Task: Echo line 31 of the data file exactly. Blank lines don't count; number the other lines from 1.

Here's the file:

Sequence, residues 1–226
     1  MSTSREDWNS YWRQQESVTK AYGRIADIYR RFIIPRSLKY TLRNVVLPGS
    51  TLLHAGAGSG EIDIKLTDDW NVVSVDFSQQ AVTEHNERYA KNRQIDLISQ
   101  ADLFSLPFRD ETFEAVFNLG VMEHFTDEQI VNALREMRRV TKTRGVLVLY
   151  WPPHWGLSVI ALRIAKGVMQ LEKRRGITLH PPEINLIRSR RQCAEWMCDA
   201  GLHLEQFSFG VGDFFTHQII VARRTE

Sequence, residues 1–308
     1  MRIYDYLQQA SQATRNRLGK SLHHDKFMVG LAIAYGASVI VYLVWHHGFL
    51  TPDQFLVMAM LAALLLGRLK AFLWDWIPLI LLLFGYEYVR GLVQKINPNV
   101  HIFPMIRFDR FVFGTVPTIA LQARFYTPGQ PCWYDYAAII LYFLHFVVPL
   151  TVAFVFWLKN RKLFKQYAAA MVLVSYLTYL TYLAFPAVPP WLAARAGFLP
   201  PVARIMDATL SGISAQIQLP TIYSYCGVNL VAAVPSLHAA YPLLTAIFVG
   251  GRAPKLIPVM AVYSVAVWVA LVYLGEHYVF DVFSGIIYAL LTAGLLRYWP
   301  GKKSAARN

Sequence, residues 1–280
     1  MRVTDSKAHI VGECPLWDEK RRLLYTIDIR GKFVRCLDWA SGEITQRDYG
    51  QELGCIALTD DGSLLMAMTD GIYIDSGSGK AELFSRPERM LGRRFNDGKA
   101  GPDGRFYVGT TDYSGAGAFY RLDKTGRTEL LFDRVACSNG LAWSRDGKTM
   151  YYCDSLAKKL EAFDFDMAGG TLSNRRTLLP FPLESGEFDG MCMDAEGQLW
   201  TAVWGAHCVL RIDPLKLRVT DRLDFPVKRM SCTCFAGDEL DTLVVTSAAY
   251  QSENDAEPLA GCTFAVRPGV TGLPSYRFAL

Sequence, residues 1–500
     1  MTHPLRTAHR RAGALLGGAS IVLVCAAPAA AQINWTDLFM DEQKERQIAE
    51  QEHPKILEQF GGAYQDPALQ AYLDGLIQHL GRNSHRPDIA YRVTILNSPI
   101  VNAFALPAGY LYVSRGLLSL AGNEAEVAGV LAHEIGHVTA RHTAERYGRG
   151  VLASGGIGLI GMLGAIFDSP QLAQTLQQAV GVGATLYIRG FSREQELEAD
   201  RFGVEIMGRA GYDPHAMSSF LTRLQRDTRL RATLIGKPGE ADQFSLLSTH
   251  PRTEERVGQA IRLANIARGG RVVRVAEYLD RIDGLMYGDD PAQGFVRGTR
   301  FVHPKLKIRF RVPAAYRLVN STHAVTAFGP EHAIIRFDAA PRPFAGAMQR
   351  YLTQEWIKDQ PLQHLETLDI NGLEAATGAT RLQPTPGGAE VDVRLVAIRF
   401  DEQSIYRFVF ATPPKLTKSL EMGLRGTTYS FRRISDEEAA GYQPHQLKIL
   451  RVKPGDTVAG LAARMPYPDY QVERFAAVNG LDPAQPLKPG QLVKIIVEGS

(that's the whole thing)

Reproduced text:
   401  DEQSIYRFVF ATPPKLTKSL EMGLRGTTYS FRRISDEEAA GYQPHQLKIL